Improving the production of transgenic fish germlines: In vivo evaluation of mosaicism in zebrafish (Danio rerio) using a green fluorescent protein (GFP) and growth hormone cDNA transgene co-injection strategy

Improving the production of transgenic fish germlines: In vivo evaluation of mosaicism in zebrafish (Danio rerio) using a green fluorescent protein (GFP) and growth hormone cDNA transgene co-injection strategy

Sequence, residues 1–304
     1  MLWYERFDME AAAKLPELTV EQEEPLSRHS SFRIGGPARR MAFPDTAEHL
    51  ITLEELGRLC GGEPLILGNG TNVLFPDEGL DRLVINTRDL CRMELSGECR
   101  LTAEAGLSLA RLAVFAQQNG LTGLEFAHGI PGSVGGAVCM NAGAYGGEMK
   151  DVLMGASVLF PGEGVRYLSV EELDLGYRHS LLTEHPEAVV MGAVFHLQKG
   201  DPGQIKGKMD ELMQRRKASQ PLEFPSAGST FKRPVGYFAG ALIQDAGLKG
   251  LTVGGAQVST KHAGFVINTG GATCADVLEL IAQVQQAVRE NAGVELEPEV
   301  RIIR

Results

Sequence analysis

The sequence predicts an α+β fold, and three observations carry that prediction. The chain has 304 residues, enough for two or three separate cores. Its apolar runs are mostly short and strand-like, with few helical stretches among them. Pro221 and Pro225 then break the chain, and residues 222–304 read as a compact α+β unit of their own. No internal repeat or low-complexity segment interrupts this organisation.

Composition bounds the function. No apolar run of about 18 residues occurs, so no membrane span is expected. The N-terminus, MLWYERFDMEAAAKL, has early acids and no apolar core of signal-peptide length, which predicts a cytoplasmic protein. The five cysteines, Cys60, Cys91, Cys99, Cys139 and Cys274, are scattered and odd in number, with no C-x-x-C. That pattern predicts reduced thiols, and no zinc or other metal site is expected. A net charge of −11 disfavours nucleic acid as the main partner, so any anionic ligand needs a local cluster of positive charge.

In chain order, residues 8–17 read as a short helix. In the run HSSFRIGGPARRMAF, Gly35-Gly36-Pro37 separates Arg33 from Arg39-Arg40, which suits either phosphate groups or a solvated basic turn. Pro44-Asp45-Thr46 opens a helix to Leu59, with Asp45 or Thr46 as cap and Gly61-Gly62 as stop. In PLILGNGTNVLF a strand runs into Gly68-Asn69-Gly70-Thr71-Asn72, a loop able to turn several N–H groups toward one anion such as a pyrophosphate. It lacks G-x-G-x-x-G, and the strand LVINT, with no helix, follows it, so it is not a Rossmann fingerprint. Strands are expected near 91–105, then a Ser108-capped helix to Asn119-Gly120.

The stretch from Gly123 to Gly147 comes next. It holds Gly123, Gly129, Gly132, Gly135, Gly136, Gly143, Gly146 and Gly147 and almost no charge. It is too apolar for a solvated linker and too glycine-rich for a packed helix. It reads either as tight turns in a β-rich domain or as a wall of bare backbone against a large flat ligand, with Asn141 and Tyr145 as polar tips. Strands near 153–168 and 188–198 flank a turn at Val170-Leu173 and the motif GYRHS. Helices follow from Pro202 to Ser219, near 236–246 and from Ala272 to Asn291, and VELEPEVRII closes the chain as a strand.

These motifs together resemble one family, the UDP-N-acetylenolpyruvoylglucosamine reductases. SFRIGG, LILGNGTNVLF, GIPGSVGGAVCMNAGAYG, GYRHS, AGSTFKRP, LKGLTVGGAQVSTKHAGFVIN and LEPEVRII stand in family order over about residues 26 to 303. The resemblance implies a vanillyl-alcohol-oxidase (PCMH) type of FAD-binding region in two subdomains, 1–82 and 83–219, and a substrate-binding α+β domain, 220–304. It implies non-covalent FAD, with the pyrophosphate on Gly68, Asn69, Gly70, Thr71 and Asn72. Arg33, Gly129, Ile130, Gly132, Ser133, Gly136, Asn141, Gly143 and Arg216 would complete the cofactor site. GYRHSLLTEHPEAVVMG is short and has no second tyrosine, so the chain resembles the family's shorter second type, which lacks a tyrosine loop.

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  Improving the production of transgenic fish germlines:  In vivo   evaluation ofmosaicism in zebrafish ( Danio rerio  ) using a green fluorescent protein (GFP)and growth hormone cDNA transgene co-injection strategy Márcio de Azevedo Figueiredo, Carlos Frederico Ceccon Lanes, Daniela Volcan Almeidaand Luis Fernando Marins  Departamento de Ciências Fisiológicas, Fundação Universidade Federal do Rio Grande, Rio Grande, RS, Brazil  Abstract Infish,microinjectionisthemethodmostfrequentlyusedforgenetransfer.However,duetodelayedtransgeneinte-gration this technique almost invariably produces mosaic individuals and if the gene is not integrated into germ cellsitstransmissiontodescendantsisdifficultorimpossible.Weevaluatedthedegreeof invivo  mosaicismusingastrat-egy where a reporter transgene is co-injected with a transgene of interest so that potential germline founders can beeasilyidentified.Transgeniczebrafish( Daniorerio  )wereproducedusingtwotransgenes,bothcomprisedofthecarp β -actinpromoterdrivingtheexpressionofeitherthegreenfluorescentprotein(GFP)reportergeneorthegrowthhor-mone cDNA from the marine silverside fish  Odonthestes argentinensis.  The methodology applied allowed a rapididentification of G 0  transgenic fish and also detected which fish were transmitting transgenes to the next generation.Thisstrategyalsoallowedinferencestobemadeaboutgenomictransgeneintegrationeventsinthesixlineagespro-duced and allowed the identification of one lineage transmitting both transgenes linked on the same chromosome.These results represent a significant advance in the reduction of the effort invested in producing a stable geneticallymodified fish lineage.  Key words : transgenesis, genetically modified fish, microinjection, growth hormone cDNA.Received: December 19, 2005; Accepted: July 6, 2006. Introduction Transgenesis involves genomic alteration of an or-ganism through insertion, modification or deletion of agene with the objective of modifying characteristics of in-terest(Houdebine,2002;Carter,2004).Inthismanner,newstable and genetically determined characteristics can be in-corporated into the genome of the receptor organism and possibly transmitted to the next generations. In the last twodecades, this technology has been successfully applied infish due to the fact that these inferior vertebrates present re- productive and biological characteristics that allow easymanipulation of their genetic and physiological processesin the early stages of ontogenesis (Zhu and Shu, 2000).Studies of gene transfer have been carried out in more than35 teleost species, most of which are important to aqua-culture (Zbikowska, 2003). However, genetically modifiedfish have also been developed as experimental models for  biomedical research, especially in studies involving em- bryogenesis and organogenesis (Amacher, 1999; Motoike et al. , 2000; Goldman  et al. , 2001; Huang  et al. , 2001;Takechi  et al. , 2003) as well as in the study of human dis-eases (Dodd  et al. , 2000; Dooley and Zon, 2000; Ward andLieschke, 2002), xenotransplantation (Wright andPohajdak, 2001; Leventhal  et al. , 2004; Pohajdak   et al. ,2004) and recombinant protein production for producingimportant therapeutic agents (Anderson and Krummen,2002).Several techniques are currently available for trans-genic fish production which have been developed to in-crease the efficiency of transgene integration or to producea large number of transformed individuals simultaneously.Although these new methods of gene transfer are gainingimportanceduetotheencouragingresultsreported(Tanakaand Kinoshita, 2001; Lu  et al. , 2002; Grabher   et al. , 2003;Hostetler   et al. , 2003; Kinoshita  et al. , 2003; Kurita  et al. ,2004), microinjection in fish is still the most successfultechnique being used due to its simplicity and trustworthi-ness (Udvadia and Linney, 2003; Zbikowska, 2003).Maclean  et al.  (2002) stated that microinjection was the Genetics and Molecular Biology , 30, 1, 31-36 (2007)Copyright by the Brazilian Society of Genetics. Printed in  Send correspondence to L.F. Marins. Departamento de CiênciasFisiológicas, Fundação Universidade Federal do Rio Grande, Av.Itália km 8, 96201-900 Rio Grande do Sul, RS, Brazil. Research Article   best technique to use with tilapia ( Oreochromis niloticus ).However,whenmicroinjectionisusedtoproducetransgen-ic fish it almost invariably produces mosaic fish due to de-layed transgene integration, which occurs only after a fewcycles of embryonic cell division. If the transgene is inte-grated in only one cell group or tissue but not into germcells the transmission of the gene to descendants is difficultor impossible (Maclean, 1998).The use of reporter genes that allow evaluation of thedegree of   in vivo  mosaicism in transgenic fish can facilitateidentification of probable germline founders and the co-injection of a reporter transgene along with the gene con-struct of interest represents a considerable reduction in theeffortneededfortheestablishmentoftransgenicgermlines.The gene coding for the green fluorescent protein (GFP)from the jellyfish  Aequorea victoria  has been widely usedas a reporter gene because it does not require an exogenoussubstrateforitsactivity(Amsterdam etal. ,1995)andissta- ble and non-toxic in receptor organisms (Peters  et al. ,1995).The objective of the work described in this paper wastodevelopan invivo methodologytoevaluatethedegreeof mosaicism and to identify transgenic zebrafish (  Daniorerio ) with the potential to generate germlines for the geneof interest. Material and Methods Production of transgenic fish Adult wild-type zebrafish (  Danio rerio ) obtainedfrom a commercial supplier were kept in a closed water cir-culation system at 28 °C under a 14 h light/10 h dark  photoperiod. Freshly fertilized eggs were collected for microinjection and transgenic zebrafish produced usingtwo transgenes containing the carp ( Cyprinus carpio )  β -actin promoter driving the expression of either the  A. victo-ria  GFP gene (pc β A/GFP plasmid) or the marine silversidefish ( Odonthestes argentinensis ) growth hormone (msGH)cDNA (pc β A/msGH plasmid). The pc β A/GFP plasmidwas kindly provided by Dr. Suzanne Brooks (University of Southampton, UK) and was used to produce the pc β A/msGH plasmid by replacing the GFP gene with the msGHcDNA (Marins  et al. , 2002). Both plasmids were linearizedwith the  Spe  I restriction enzyme and co-injected at a 1:1molar ratio into one-cell embryos using a total DNA con-centration of 35 ng  µ L -1 . The linearized transgenes (calledc β A/GFP and c β A/msGH) were transferred in an equi-molar ratio to provide the same integration and expression probability due to the fact that they had approximately thesame length (c β A/GFP = 5.6 kb and c β A/msGH = 5.5 kb)and were both under the action of the same promoter.The microinjection process followed the general pro-tocol recommended by Vielkind (1992) and used an IM-30motorizedpicoinjector(Narishige,Japan)toinjectapproxi-mately 300 pL of DNA solution representing a final num- ber of 10 6 copies of each transgene per injected embryo.The microinjection needles were produced from NarishigeGDC-1 glass capillaries using the Narishige PC-10 mi-cro-electrodepuller.Atotalof1872one-cellembryoswereinjected. Non-injected controls and microinjected embryoswere incubated at 28 °C until hatching. Evaluation of mosaicism in the first transgenicgeneration (G 0 ) One week after fertilization the fish larvae were ana-lyzed by epifluorescence microscope (excitation = 485 nm;emission = 520 nm) and classified according to their GFPexpression patterns (Gibbs and Schmale, 2000; Thermes  et al. , 2002) as follows: weak = few cells expressing GFP;moderate = less than 50% of the body expressing GFP; or strong = more than 50% of the body expressing GFP. Evaluation of the msGH gene expression byRT-PCR ToconfirmG 0 msGHgeneexpressionweusedthere-verse transcriptase polymerase chain reaction (RT-PCR) toanalyze several four-week old fish expressing GFP. TotalRNA was extracted by humanely sacrificed 12 G 0  fish andhomogenizing their bodies in TRIzol reagent (Invitrogen,Brazil) according to the protocol suggested by the manu-facturer. Approximately 3  µ g of total RNA from each fishwas used as template for the RT-PCR with the AP primer (5’-GGCCACGCGTCGACTAGTAC(T) 17 -3’, Invitrogen,Brazil). The complementary DNA (cDNA) synthesis wascarried out using the enzyme RT SuperScript III(Invitrogen, Brazil) according to the protocol suggested bythe manufacturer. The cDNA obtained was used as tem- plate for the msGH gene amplification using the specific primers EXO 293 (5’-GAAAGCTCTCTGCAGACGGAG-3’) and GHEX6-RIG (5’-AGAGTGCAGTTTGCCTCTGG-3’),whichproducea467bpmsGHfragmentbutdonotamplify the endogenous zebrafish growth hormone gene.PCR was carried out in a 12.5 µ L reaction volume contain-ing 1.25  µ L of 10X PCR buffer, 0.2  µ M of each primer,0.2mMofeachdNTP,0.75mMofMgCl 2 ,0.5unitofPlati-numTaqDNApolymerase(Invitrogen,Brazil)and1 µ Lof cDNA solution. The reaction was incubated at 94 °C for 2 min followed by 30 cycles of 15 s at 94 °C, 30 s at 65 °Cand 30 s at 72 °C, and a final elongation step of 5 min at72°CandthePCRproductsseparatedon1%(w/v)agarosegel stained with ethidium bromide (0.5 µ g/mL) and visual-ized by ultraviolet transillumination. Assessment of the biological effect of msGH in theG 0  generation The objective of this experiment was to verifywhether the msGH transgene produced significant biologi-caleffectsinthegrowthperformanceofthetransgenicindi- 32 Figueiredo  et al.  viduals. Groups of non-transgenic and G 0  transgenic fishclassified as strongly expressing GFP were reared untilone-year old for comparison of their final average weight.Fishwerefed adlibitum twiceadaywithacommercialfishfood (ColorBits, Tetra) containing 47.5% protein. The av-erage weight data were statistically analyzed using a t-testfor heterogeneous variances contained in the Statistica pro-gram v. 6.0 (Statsoft, USA). Transmission of transgenes to the second (G 1 ) andthird (G 2 ) transgenic generations A group of larvae showing strong GFP expressionwere selected and reared until sexual maturity as being probablegermlinefounders.Forthetransgenetransmissionstudy, eight G 0  mosaic fish classified as strong for GFP ex- pression were separated in individual aquariums andcrossed with non-transgenic fish. Two of these transgenicfish did not developed reproductive behavior. Six sexuallymature transgenic fish were mated with wild-type fish to produce G 1  offspring which were assessed by epifluo-rescence microscopy as described above to verify the pres-ence of the uniform GFP expression expected after genomic integration. To confirm the presence of the msGHtransgene in the G 1  fish genome, GFP positive larvae werecultivated until adulthood and a small fin clip was takenfrom each fish and the genomic DNA extracted (Sambrook  et al. , 1989). The msGH gene was amplified using the spe-cificprimersEXO-293andGHEX6-RIGandthePCRcon-ditions described above. Only GFP positive G 1  fish weretested for msGH because the objective was to identify G 0 fish which were transmitting both transgenes to the descen-dants.Twelve G 1  fish, six from each of two G 1  parents car-rying both transgenes, were crossed with wild-type fish to produce G 2  progeny, which were assessed using epifluo-rescencemicroscopyasdescribedabove.Toverifywhether or not the transgenes had integrated on the same chromo-some, sub-samples of GFP positive and negative fish(N = 12) were randomly selected from each lineage andtheirDNAextractedandsubjectedtoPCR,usingthecondi-tions described above, to detect the presence of msGH. Results Transgenic zebrafish were produced by the co-injec-tion of 1872 one-cell embryos, using the transgenesc β A/GFP and c β A/msGH in an equimolar ratio (1:1). Atthe time of assessment by epifluorescence microscopy, oneweek after fertilization, the survival rate for untreated fishembryos was 1414 out of 1872 (75.5%) while the survivalrate of the microinjected embryos was 877 out of 1872(46.8%), of which 275 out of 877 (31.4%) were classifiedasGFPnegative(noexpression),315outof877(35.9%)asweakly GFP positive, 198 out of 877 (22.6%) as moder-ately GFP positive and 89 out of 877 (10.1%) as stronglyGFP positive. The sum of the three GFP expression classeswas 602 out of 877 fish (68.6%).All of the 12 one-month old G 0  GFP positive fish as-sessedformsGHexpressionbyRT-PCRweremsGHtrans-gene positive. The analysis of the average weight after 12 months demonstrated a significant increase (p < 0.01) inthe transgenic group (1.79 g ± 0.37) in relation to wild-typefish of the same age (0.68 g ± 0.13). This represents an in-crease in growth of 2.6 times for the transgenic group ascompared with the non-transgenic fish, and shows the bio-logical effect of expression of the c β A/msGH transgene inzebrafish (Figure 1).In the transgene transmission study, eight G 0  mosaicfish classified as strongly expressing GFP were crossedwith non-transgenic fish. Two of the transgenic fish did notdeveloped reproductive behavior but two males (M0104and M0204) and four females (F0104, F0204, F0304 andF0404) reproduced, four of which (M0104, F0104, F0204and F0304) transmitted the GFP gene to the G 1  in percent-ages that varied from 2.2% to 42% (Table 1). The GFP ex- pression pattern observed in the G 1  offspring showed fishexpressing the transferred gene in all body cells. However,the msGH gene was detected only in G 1  descents obtainedfrom the M0104 and F0104 parent fish. Only half theGFP-positive offspring of the M0104 parent were also car-rying the msGH gene but for the F0104 parent all theGFP-positive offspring were also positive for the exoge- Production of transgenic fish germline 33 Figure 1  - Zebrafish (  Danio rerio ): (a) one-year old non-transgenic fish(averageweight=0.68±0.13)and(b)one-yearoldG 0 transgenicfish(av-erage weight = 1.79 g ± 0.37).  nous GH gene (Table 1). No GFP gene expression was de-tected in the offspring of the M0204 and F0404 parents.The G 1  offspring of the M0104 and F0104 G 0  mosaic parents which were positive for both transgenes werereared until sexual maturation and six G 1  fish from each parent were mated with wild-type fish to produce G 2  off-spring.Atotalof466G 2 offspringresultedfromtheM0104matings while 588 G 2  offspring were obtained from theF0104 matings. These results are summarized in Table 1and indicate two different transmission patterns for eachlineage. For the male M0104 parent the G 2  offspring con-sisted of 25% negative for both transgenes, 25% GFP- positive only, 25% msGH-positive only and 25% GFP/msGH-positive, while for the female F0104 parent the G 2 offspring consisted of 50% negative for both transgenesand positive for both transgenes. Discussion Although some methodologies have presented prom-ising results in increasing first generation (G 0 ) transgenicfish production, there is still the problem of rearing largenumbers of G 0  fish and the subsequent identification of those with the potential to generate stable germlines carry-ing the active transgene. This process is even more difficultfor large fish such as carp, salmon, tilapia or trout whichneed very complex culture facilities. The methodology ap- plied in our study not only allowed the production of trans-genic fish carrying the active transgene of interest(c β A/msGH) but also the reporter transgene (c β A/GFP)which allowed the evaluation of mosaicism in all the G 0 transgenic fish generated. The analysis of the GFP expres-sion patterns permitted the selection of possible germlinefoundersfromthefairlylownumberoffishintheG 0 gener-ation.A week after microinjection 68.6% of the fish em- bryosexpressedGFP,whichrepresentsahighefficiencyof transgenic fish production. However, part of this observedexpression can be attributed to transitory expression due tothe transcription of unintegrated transgenes (Chong andVielkind,1989).Ourresultsaresignificantwhencomparedto the 1.95% transgenic zebrafish obtained by Morales  et al.  (2001) and the 10% transgenic tilapia obtained byRahman  et al.  (1997) using the same reporter transgeneco-injection strategy. We found that 10% of the fish ana-lyzedbyuspresentedstrongGFPreportergeneexpression,significantly more than the 5% with strong GFP expressionreported by Gibbs and Schmale (2000) for G 0  transgeniczebrafish and the 3% with strong GFP expression reported by Thermes  et al.  (2002) for G 0  transgenic medaka. Theconditions used by these authors were similar to ours andthey also used linearized transgenes in which the GFP genewas controlled by ubiquitous promoters ( α  and  β -actin).AlthoughourRT-PCRanalysesshowedthat100%of the G 0  GFP positive fish were expressing the msGH genenot all these fish were carrying the msGH transgene in their germ cells and could transmit the msGH transgene to thenext generation, this being evident when the G 0  and wild-type fish were crossed. The growth experiment data sup- portedourRT-PCRresultsandindicatedthatthetransgenicgroup increased in weight 2.6 times more than the non-transgenic group. These results demonstrate that thec β A/msGH transgene was producing an active hormone.The higher weight of the transgenic fish was probably re-lated to increased circulating msGH which could not becontrolled by the negative feedback mechanism which reg-ulates endogenous GH gene expression (Peter andMarchant, 1995).The main negative consequence of mosaicism intransgenicfishgermlineproductionisthefactthatthegermcells of G 0  fish can receive few or no copies of the trans-gene, making transgene transmission to the next generationdifficult or impossible (Maclean, 1998). However, this problem can be minimized by evaluating mosaicism usingareportertransgeneco-injectionstrategy.Thisissupportedin our study by the presence of strongly GFP-positive fish(2outof6,or33.3%)transmittingbothtransgenestotheG 1 generation, indicating a considerable increase in the possi- bility of identification of germline founder fish. Accordingto Maclean (1998), the rate of transgene transmission to the 34 Figueiredo  et al. Table 1  - Germline transmission and expression of a green florescent protein (GFP) reporter transgene (c β A/GFP) and growth hormone transgene(c β A/msGH) in transgenic zebrafish (  Danio rerio ).Transgenic lines Number of G 1  embryosexpressing GFPG 1  GFP+ embryos carryingthe msGH genePercentage of c β A/GFP and c β A/msGH segregation in G 2  embryos (%)(G 0 )* (% transmission to G 1 ) (%) GFP+ GH+ GFP+/GH+ GFP-/GH-M0104 50 out of 757 (6.6) 3.3 25 25 25 25F0104 18 out of 812 (2.2) 2.2 0 0 50 50F0204 119 out of 283 (42) 0 - - - -F0304 51 out of 167 (30.5) 0 - - - -M0204 0 out of 115 (0) - - - - -F0404 0 out of 107 (0) - - - - -*M = male; F = female.  G 1 islow,withonlyapproximately5%ofG 0 transgenicfishhaving the capacity to transmit transgenes to the next gen-eration.The percentage of GFP positive G 1  fish produced inour study indicated the degree of mosaicism in the germcells of the G 0  fish. We found that two fish did not transmitany transgene to their descents, indicating that the trans-genes were not integrated into the germ cells, while four fish transmitted the c β A/GFP transgene to produce 2.2% to42% of GFP-positive descents. Therefore, despite the factthat some of our fish strongly expressed GFP, transgene in-tegration into germ cells was extremely variable. In theory,if all the germ cells of a transgenic fish contained thetransgene ( i.e.  no germ cell mosaicism) and this fish wasmated with a wild-type fish 50% of the offspring would ex- pressthetransgene.Maclean(1998)pointedoutthatgener-ally only a small percentage of the offspring from G 1 mosaics are transgenic, which makes identification diffi-cult when an easy detectable marker is absent. In our study,the identification of G 1  transgenic fish was greatly facili-tated by the presence of the GFP gene reporter and simpleevaluationusingepifluorescencemicroscopyallowedrapididentification of the transgenic fish. Additionally, G 1  fishsrcinating from the F0104 female and the M0104 male(which were carrying both transgenes) were crossed withwild-typefishtoverifyhowthetransgenesintegratedintheG 2  fish genome. In the G 2  produced from the M0104 lin-eageanumberofGFP-positivefishdidnotcarrytheexoge-nous GH transgene while some GFP-negative fish werecarrying it. This indicates that the c β A/GFP andc β A/msGH transgenes segregated in the G 2 , since the ob-served genotypic ratio (Table 1) is in accordance withgenes situated on different chromosomes. However, for theF0104 lineage G 2  descents all the GFP-positive individualswere carrying the c β A/msGH transgene as well as thec β A/GFP transgene, indicating that both transgenes had been integrated on the same chromosome.The methodology described in this paper allowed therapid identification of G 0  transgenic fish and also identifiedwhich fish were transmitting transgenes to the next genera-tion. This strategy also allowed inferences to be made re-garding genomic transgene integration events, and permit-ted the identification of the one lineage (out of the six produced)whichcontainedandtransmittedbothtransgeneslinked on the same chromosome. These results represent asignificant advance in the reduction of the effort involvedin the production of genetically stable modified fish lin-eages. Acknowledgments This work was supported by the Brazilian agencyConselho Nacional de Desenvolvimento Científico e Tec-nológico(CNPq-PROFIX,Proc.N.540903/01-9)andFun-dação Universidade Federal do Rio Grande (FURG). References Amacher SL (1999) Transcriptional regulation during zebrafishembryogenesis. Curr Opin Gen Dev 9:548-552.Amsterdam A, Lin S and Hopkins N (1995) The  Aequorea victo-ria  green fluorescent protein can be used as a reporter in livezebrafish embryos. Dev Biol 171:123-129.Anderson DC and Krummen L (2002) Recombinant protein ex- pression for therapeutic applications. Curr Opin Biotechnol13:117-123.Carter L (2004) Re-interpreting somecommon objections to threetransgenic applications: GM foods, xenotransplantation andgerm line gene modification (GLGM). Transgenic Res13:583-591.Chong SSC and Vielkind JR (1989) Expression and fate CAT re- porter gene microinjected into fertilized medaka ( Oryziaslatipes ) eggs in the form of plasmid DNA, recombinant phage particles in its DNA. Theor Appl Genet 78:369-380.DoddA,CurtisPM,WilliamsLCandLoveDA(2000)Zebrafish:Bridging the gap between development and disease. HumMol Genet 9:2443-2449.Dooley K and Zon LI (2000) Zebrafish: A model system for thestudy of human disease. Curr Opin Genet Dev 10:252-256.Gibbs PDL and Schmale MC (2000) GFP as a marker scorablethroughout the life cycle of transgenic zebra fish. Mar Biotechnol 2:107-125.GoldmanD,HankinM,LiZ,DaiXandDingJ(2001)Transgeniczebrafish for studying nervous system development and re-generation. Transgenic Res 10:21-33.Grabher C, Henrich T, Sasado T, Arenz A, Wittbrodt J andFurutani-Seiki M (2003) Transposon-mediated enhancer trapping in medaka. Gene 322:57-66.Hostetler HA, Peck SL and Muir WA (2003) High efficiency pro-duction of germ-line transgenic Japanese medaka ( Oryziaslatipes ) by electroporation with direct current-shifted radiofrequency pulses. Transgenic Res 12:413-424.Houdebine LM (2002) La transgenèse et ses applications médi-cales. Pathol Biol 50:380-387.Huang HG, Vogel SS, Liu NG, Melton DA and Lin S (2001)Analysis of pancreatic development in living transgeniczebrafish embryos. Mol Cell Endocrinol 177:117-124.Kinoshita M, Yamauchi M, Sasanuma M, Ishikawa Y, Osada T,InoueK,WakamatsuYandOzatoK(2003)Atransgeneandits expression profile are stably transmitted to offspring intransgenic medaka generated by the particle gun method.Zoolog Sci 20:869-875.Kurita K, Burgess SM and Sakai N (2004) Transgenic zebrafish produced by retroviral infection of   in vitro -cultured sperm.Proc Natl Acad Sci USA 101:1263-1267.Leventhal JR, Sun J, Zhang J, Galili U, Chong A, Baker M,Kaufman DB and Wright Jr JR (2004) Evidence that tilapiaislets do not express alpha-(1,3)gal: Implications for isletxenotransplantation. Xenotransplantation 11:276-283.Lu JK, Fu BH, Wu JL and Chen TT (2002) Production of trans-genic silver sea bream ( Sparus sarba ) by different genetransfer methods. Mar Biotechnol 4:328-337.Maclean N (1998) Regulation and exploitation of transgenes infish. 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